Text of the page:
Road blocks: 11 things that limit your creativity at work
Raise your hand if you think you are a creative. Did you, or didn’t you? When I ask this question to professionals attending our ideation sessions, I am always surprised when I get very few hands up. Why do most of us think we are not creative? Creativity is being put up on such a high pedestal, and people feel like it is owned by a select few. So, what are these few individuals doing differently? And why do you feel so disconnected from your own creativity? Here are 11 things that stifle your creativity on a daily basis:
1. The “beta”culture: The “go, go, go,” “do, do, do” culture we live in shuts off our access to the creative right brain. Beta is a brain state that we put ourselves in whenever we are trying to multi-task, which is all the time. How many of you have your greatest ideas while you are taking a shower or during your morning run? How about when you are in front of your desk?
This is one of the reasons why companies like Google have started to offer mindfulness activities like meditation, yoga classes on their campuses. We need to remember these companies are smart and they also recognize the alternative ways to induce creativity in the workplace. Even taking a brisk 15-20 min walk during your lunch break or doing walking meetings is a simple way to break the cycle of the beta state in our office spaces.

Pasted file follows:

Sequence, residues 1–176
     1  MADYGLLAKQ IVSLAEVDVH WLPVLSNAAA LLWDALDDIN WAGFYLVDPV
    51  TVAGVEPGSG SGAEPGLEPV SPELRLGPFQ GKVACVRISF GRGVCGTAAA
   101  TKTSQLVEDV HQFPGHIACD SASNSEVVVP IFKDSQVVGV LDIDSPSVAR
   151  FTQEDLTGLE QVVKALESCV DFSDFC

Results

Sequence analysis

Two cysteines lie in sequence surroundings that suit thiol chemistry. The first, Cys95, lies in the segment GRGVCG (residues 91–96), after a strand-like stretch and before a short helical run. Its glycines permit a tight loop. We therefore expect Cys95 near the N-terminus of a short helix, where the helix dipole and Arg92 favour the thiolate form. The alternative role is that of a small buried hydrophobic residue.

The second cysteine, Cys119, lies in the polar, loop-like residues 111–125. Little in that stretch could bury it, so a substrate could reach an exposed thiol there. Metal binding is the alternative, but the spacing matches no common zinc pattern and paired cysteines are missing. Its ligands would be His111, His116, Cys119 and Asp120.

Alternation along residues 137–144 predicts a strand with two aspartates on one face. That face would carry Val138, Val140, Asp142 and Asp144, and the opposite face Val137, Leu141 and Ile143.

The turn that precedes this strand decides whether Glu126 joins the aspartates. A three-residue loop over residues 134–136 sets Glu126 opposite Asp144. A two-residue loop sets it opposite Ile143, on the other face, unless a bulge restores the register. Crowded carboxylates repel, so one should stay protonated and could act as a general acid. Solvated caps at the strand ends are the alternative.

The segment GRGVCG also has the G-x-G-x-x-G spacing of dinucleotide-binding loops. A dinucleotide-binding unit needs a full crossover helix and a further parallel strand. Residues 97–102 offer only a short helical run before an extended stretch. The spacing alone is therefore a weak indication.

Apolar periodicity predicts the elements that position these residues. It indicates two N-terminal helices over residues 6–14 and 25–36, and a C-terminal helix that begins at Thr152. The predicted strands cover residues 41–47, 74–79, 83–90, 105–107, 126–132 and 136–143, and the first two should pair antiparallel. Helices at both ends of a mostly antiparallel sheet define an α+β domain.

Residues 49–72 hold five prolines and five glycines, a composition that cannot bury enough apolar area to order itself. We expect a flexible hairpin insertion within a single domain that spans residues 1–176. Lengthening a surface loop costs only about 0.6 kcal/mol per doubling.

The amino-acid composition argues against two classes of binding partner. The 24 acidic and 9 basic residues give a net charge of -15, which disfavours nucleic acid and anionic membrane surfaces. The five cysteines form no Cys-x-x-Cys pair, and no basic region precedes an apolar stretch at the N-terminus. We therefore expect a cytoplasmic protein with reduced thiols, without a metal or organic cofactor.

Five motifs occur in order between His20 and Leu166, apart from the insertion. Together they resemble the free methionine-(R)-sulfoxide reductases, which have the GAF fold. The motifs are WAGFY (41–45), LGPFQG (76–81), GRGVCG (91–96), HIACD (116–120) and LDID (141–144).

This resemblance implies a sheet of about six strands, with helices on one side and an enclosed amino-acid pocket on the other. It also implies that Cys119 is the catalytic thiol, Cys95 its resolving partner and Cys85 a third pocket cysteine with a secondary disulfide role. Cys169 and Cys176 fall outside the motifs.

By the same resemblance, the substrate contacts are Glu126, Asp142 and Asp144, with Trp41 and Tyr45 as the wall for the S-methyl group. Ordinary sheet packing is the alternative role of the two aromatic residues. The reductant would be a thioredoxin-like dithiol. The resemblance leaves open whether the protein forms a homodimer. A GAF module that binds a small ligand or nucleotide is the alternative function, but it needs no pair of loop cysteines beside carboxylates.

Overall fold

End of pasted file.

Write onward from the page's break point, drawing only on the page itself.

2. Losing touch with your inner child: Why? Why? Why? We were all born with curiosity in our DNA and an insatiable drive to explore and try new things. Kids love to go on scavenger hunts, adventures and learn new things. But, as we evolve and become boring old “grownups,” society expects us to fit in and rewards us when we bury the kid inside, thus suppressing our creativity.
Funny enough, one of the most popular ways to get to creativity is using LEGO®. LEGO® has embraced the “inner child” by offering a whole program called LEGO® SERIOUS PLAY® where their blocks are used in facilitated sessions to inspire innovative ideas.
3. The fear of wearing your heart on your sleeve: When we think of people who create art, we immediately give them the “creative” stamp. Why are they creative, and you’re not? Gary Hirsch, artist, illustrator and founder of Botjoy.com says “Art is ripping your guts out and putting them on the table for people look at …” At work, we feel we must play it safe due to hierarchy and internal politics. So, how can we be creative without messing about with office politics? One way to be creative in the corporate setting is to create a safe environment where everyone can speak their minds in a constructive manner and an inclusive setting.
The Green Room ideation sessions involve professionals at different seniority levels in organizations. First, we agree that if we are team, teams only succeed by working together, and each of us needs to put his/her best on the table for the team. There is only one rule: Be positive about what others say and share what you think. Role-playing does help to get people in the right mindset. In your next team meeting, try to act like you are on a school sports team and you are out there to win the game. How would you run the meeting differently? How would the people in the meeting act differently?